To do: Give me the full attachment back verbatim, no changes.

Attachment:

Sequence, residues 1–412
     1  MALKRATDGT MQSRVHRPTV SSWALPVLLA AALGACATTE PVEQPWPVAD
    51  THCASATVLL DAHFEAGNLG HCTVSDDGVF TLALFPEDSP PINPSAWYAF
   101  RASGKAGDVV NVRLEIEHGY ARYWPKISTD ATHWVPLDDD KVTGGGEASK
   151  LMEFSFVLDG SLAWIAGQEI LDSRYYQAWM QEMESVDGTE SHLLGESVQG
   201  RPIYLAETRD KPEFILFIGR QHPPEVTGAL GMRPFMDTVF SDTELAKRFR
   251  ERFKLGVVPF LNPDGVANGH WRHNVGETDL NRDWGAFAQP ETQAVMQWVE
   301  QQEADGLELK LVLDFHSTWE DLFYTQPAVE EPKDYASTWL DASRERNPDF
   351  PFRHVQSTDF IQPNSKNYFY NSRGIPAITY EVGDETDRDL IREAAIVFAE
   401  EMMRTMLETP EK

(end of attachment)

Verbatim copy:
Sequence, residues 1–412
     1  MALKRATDGT MQSRVHRPTV SSWALPVLLA AALGACATTE PVEQPWPVAD
    51  THCASATVLL DAHFEAGNLG HCTVSDDGVF TLALFPEDSP PINPSAWYAF
   101  RASGKAGDVV NVRLEIEHGY ARYWPKISTD ATHWVPLDDD KVTGGGEASK
   151  LMEFSFVLDG SLAWIAGQEI LDSRYYQAWM QEMESVDGTE SHLLGESVQG
   201  RPIYLAETRD KPEFILFIGR QHPPEVTGAL GMRPFMDTVF SDTELAKRFR
   251  ERFKLGVVPF LNPDGVANGH WRHNVGETDL NRDWGAFAQP ETQAVMQWVE
   301  QQEADGLELK LVLDFHSTWE DLFYTQPAVE EPKDYASTWL DASRERNPDF
   351  PFRHVQSTDF IQPNSKNYFY NSRGIPAITY EVGDETDRDL IREAAIVFAE
   401  EMMRTMLETP EK